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## 9.4.11 Vectors

A variable representing a vector can be typeset using the command:

\vec{<variable>}

Example: Vectors are often typeset in bold. This can be done by redefining the \vec command. You could use \mathbf, for example: However, as you may have noticed, the Greek letter has not come out in bold. Here's an alternative (using \boldsymbol defined in the amsfonts package): Located (or position) vectors, on the other hand, are usually typeset with a right arrow, but the default definition of \vec produces an arrow that is too small: Instead, use \overrightarrow (Table 9.10): You might prefer to define separate commands for a located vector and a vector variable.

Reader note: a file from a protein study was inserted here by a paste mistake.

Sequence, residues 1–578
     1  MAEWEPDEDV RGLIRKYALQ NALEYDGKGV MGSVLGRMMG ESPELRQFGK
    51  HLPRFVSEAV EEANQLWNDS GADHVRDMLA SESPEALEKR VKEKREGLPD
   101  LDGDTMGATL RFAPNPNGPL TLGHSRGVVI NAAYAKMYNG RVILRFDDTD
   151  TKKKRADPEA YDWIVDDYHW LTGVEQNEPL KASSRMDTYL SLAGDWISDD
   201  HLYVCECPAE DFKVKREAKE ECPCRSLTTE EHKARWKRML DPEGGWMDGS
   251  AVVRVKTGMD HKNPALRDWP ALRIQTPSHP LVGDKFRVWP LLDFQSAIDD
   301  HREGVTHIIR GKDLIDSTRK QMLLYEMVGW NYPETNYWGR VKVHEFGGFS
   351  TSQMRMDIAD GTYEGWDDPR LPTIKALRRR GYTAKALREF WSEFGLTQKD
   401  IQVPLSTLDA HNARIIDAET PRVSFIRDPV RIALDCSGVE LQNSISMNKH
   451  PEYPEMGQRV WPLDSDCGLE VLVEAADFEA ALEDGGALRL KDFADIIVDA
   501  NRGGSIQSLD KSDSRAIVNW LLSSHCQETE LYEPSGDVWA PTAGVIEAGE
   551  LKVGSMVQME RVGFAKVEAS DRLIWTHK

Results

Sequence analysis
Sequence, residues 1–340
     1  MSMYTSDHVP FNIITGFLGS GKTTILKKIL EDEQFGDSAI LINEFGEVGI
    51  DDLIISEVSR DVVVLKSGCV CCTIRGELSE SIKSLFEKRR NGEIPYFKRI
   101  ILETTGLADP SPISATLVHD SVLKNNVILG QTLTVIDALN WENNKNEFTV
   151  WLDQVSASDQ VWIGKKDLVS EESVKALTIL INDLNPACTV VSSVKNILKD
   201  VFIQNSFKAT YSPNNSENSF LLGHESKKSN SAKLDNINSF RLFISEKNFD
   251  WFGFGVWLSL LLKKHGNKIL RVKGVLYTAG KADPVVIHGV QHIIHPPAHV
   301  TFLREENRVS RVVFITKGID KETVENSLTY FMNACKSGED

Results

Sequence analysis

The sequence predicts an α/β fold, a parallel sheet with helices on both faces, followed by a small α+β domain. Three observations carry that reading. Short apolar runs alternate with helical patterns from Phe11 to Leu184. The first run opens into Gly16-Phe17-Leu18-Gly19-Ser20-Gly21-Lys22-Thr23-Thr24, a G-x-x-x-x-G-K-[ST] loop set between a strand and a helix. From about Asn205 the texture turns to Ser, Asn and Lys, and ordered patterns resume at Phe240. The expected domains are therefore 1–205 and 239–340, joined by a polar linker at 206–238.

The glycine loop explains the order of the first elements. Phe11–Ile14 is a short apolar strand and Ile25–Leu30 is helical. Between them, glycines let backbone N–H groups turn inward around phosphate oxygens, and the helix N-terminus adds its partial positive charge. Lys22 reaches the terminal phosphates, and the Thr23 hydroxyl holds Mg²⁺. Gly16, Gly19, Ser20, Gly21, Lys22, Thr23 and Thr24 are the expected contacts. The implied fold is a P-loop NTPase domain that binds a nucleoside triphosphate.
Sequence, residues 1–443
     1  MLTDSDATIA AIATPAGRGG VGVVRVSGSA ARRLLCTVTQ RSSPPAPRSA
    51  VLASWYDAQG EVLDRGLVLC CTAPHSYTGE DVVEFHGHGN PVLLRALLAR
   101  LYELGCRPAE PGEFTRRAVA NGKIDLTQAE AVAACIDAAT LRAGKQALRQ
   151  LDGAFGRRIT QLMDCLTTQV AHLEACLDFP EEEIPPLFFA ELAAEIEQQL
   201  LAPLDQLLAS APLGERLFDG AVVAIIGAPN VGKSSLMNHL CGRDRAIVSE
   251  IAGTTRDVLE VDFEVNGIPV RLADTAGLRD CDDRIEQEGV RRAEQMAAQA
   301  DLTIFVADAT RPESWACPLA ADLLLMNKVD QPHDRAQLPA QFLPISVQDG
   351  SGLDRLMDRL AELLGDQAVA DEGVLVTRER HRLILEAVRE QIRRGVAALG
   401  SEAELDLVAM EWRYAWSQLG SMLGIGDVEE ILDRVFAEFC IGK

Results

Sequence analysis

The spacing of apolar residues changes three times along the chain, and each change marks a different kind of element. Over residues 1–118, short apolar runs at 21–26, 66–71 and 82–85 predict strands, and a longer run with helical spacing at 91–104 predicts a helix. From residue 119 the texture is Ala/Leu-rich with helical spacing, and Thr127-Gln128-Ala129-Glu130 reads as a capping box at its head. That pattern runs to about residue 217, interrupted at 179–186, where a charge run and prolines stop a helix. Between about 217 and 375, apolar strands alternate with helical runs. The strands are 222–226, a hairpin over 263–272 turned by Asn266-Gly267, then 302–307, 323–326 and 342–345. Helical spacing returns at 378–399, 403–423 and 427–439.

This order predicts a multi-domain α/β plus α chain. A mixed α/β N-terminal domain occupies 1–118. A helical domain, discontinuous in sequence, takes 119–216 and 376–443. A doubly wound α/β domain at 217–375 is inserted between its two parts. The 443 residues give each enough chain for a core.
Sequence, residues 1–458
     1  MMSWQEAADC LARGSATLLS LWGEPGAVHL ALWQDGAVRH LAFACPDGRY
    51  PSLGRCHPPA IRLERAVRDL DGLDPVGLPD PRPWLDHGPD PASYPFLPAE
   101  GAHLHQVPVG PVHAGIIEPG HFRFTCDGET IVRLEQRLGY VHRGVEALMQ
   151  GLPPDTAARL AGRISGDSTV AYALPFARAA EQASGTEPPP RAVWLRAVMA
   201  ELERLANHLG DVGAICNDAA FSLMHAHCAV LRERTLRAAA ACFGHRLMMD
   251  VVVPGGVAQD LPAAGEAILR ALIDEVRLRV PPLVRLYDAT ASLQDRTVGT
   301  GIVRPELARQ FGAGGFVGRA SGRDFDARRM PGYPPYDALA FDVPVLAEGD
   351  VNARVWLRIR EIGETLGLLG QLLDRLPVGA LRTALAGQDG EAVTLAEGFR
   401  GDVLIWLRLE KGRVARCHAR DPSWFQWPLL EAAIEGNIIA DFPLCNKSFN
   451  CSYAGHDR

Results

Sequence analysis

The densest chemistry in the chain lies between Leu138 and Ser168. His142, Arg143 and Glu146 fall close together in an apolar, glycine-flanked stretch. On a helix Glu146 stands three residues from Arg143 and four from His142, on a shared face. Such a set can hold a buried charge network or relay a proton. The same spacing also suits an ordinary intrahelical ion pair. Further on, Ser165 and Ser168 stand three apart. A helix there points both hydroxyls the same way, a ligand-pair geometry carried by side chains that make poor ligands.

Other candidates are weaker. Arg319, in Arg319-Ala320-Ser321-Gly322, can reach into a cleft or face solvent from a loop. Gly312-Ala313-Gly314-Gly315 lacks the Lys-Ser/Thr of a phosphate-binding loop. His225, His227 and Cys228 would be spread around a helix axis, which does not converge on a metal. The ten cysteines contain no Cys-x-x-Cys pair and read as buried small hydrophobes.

Example:

In the preamble, define \lvec for a located vector and \bvec for a vector variable:

Later in the document:

Let $\bvec{u}=(x, y)$ represent $\lvec{OP}$, then
$\lVert \bvec{u} \rVert = \sqrt{x^2 + y^2}$ Exercise 23: Maths: Vectors and Arrays

Try to produce the following: